December 27, 2013
Brazilian Farmers have sold just 33% of their New Crop Soybeans
Even though soybean prices remain relatively attractive for Brazilian farmers, they continue to be slow sellers of their anticipated 2013/14 soybean production.
According to the consulting firm Safras & Mercado, farmers in Brazil have sold approximately 33% of their 2013/14 soybean crop which is behind last year's sales pace of 48% during the same period. In the number one soybean producing state of Mato Grosso, farmers have sold 42% of their soybeans compared to 66% last year. In the second largest soybean producing state of Parana, the selling pace is even slower. Parana farmers have sold just 19% of their 2013/14 soybean crop compared to 32% last year.
Not only are they slow sellers of the new crop soybeans, they still have some of last year's crop to sell as well. Brazilian farmers have sold 95% of their 2012/13 production which means they still have approximately 4 million tons of soybeans to market. Last year at this time, Brazilian farmers had sold 98% of their previous crop.
Soybeans in Parana are currently selling for approximately R$ 70 per sack of 60 kilograms or approximately US$ 13.80 per bushel which is sufficient to generate a profit of about R$ 1,500 per hectare or US$ 264 per acre.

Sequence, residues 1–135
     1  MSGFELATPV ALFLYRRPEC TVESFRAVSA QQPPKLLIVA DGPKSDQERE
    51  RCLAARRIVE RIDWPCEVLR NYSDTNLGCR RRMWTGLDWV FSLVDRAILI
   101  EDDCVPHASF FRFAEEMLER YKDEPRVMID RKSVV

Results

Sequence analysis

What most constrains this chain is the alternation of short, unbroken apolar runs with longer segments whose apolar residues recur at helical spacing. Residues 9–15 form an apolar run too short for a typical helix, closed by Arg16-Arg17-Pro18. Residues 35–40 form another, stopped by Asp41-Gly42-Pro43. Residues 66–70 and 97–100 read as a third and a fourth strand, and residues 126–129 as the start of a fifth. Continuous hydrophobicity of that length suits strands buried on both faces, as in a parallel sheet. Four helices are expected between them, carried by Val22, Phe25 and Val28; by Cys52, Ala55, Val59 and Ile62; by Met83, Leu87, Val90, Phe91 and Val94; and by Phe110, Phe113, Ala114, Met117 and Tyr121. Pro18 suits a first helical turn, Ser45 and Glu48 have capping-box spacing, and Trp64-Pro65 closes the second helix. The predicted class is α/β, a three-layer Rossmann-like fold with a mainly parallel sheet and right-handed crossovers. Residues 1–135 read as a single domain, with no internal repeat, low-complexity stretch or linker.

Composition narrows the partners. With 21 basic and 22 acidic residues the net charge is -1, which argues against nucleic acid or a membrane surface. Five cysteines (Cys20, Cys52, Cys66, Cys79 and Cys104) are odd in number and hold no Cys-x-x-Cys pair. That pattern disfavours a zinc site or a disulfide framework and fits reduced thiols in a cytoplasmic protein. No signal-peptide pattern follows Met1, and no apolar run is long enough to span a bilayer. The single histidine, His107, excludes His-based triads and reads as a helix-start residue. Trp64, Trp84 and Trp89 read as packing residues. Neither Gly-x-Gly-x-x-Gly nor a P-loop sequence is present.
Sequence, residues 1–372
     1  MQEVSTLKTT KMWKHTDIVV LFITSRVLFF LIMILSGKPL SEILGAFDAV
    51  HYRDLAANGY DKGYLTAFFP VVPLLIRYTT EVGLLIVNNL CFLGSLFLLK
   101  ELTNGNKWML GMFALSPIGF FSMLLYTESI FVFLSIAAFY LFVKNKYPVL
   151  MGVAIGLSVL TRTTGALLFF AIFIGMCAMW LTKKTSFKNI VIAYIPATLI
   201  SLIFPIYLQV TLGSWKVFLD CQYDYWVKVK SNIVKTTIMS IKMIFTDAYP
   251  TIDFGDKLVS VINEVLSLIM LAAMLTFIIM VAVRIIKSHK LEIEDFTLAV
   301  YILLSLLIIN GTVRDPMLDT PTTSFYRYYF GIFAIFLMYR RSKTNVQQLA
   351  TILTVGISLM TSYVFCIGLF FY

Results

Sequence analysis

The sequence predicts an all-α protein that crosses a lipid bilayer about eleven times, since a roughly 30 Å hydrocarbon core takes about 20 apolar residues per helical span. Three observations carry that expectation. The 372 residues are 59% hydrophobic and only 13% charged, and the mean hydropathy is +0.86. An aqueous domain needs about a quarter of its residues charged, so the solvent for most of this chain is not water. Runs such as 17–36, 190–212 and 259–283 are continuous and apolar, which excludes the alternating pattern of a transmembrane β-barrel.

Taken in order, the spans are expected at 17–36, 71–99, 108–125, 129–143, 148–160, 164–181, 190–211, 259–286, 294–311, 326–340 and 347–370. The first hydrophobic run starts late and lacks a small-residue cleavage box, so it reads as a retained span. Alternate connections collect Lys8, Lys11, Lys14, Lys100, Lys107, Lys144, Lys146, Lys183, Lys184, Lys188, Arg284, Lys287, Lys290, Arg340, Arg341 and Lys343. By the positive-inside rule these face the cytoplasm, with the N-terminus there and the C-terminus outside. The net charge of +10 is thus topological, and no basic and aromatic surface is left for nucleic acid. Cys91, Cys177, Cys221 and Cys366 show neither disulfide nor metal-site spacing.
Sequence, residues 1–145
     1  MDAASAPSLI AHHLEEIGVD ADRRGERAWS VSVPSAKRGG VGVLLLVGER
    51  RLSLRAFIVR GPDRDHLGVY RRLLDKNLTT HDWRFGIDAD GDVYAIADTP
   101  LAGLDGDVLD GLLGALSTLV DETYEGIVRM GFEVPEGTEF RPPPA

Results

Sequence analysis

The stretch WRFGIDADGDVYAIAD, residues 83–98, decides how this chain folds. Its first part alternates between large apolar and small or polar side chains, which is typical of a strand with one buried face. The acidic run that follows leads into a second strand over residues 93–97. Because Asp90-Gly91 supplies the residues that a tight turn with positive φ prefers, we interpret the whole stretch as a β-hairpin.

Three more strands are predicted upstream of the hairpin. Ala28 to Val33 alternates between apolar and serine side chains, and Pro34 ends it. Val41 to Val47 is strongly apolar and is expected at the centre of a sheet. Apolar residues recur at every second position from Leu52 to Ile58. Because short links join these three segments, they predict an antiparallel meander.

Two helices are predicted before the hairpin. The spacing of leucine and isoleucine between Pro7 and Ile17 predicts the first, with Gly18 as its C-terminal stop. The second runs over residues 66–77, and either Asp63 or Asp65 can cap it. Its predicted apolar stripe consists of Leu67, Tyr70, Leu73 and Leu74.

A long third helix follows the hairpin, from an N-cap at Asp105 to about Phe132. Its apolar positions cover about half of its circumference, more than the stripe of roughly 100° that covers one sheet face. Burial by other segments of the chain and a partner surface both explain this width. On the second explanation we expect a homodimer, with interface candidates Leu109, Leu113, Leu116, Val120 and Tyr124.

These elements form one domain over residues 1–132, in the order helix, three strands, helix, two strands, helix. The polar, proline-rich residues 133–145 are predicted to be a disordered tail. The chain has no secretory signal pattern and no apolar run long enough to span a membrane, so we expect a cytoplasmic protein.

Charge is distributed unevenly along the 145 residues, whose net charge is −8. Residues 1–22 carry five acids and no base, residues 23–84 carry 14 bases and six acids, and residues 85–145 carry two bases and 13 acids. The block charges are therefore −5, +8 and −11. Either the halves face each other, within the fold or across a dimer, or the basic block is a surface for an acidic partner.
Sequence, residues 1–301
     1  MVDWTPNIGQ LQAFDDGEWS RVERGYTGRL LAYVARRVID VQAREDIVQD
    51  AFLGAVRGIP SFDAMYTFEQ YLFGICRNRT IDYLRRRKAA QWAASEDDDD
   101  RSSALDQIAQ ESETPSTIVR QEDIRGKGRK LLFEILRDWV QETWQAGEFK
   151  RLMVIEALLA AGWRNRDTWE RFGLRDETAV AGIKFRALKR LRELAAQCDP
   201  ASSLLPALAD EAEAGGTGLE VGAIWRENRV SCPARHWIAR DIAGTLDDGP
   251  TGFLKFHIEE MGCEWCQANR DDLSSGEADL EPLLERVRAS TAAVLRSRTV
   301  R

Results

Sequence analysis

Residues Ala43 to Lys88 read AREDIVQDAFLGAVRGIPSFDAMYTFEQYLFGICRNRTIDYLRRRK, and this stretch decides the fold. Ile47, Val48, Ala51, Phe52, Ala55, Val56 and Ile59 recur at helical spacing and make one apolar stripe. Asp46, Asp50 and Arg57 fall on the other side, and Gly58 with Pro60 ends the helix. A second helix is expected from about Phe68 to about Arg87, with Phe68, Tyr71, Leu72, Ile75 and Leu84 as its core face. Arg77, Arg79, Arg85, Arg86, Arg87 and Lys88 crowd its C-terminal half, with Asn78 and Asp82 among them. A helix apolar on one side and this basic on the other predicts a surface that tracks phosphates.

Sales during the Christmas and New Year holiday season are generally slow in Brazil, but they have been extra slow this year because farmers are waiting and hoping for improved soybean prices. Strong demand from China has supported prices and farmers are waiting to see if emerging weather concerns especially in Argentina might spur prices even further.
Brazilian farmers have had several good years in a row and the correct marketing strategy during that time was to wait for improved prices either due to weather problems in the U.S. or in South America. Brazilian farmers seem to be following the same strategy again.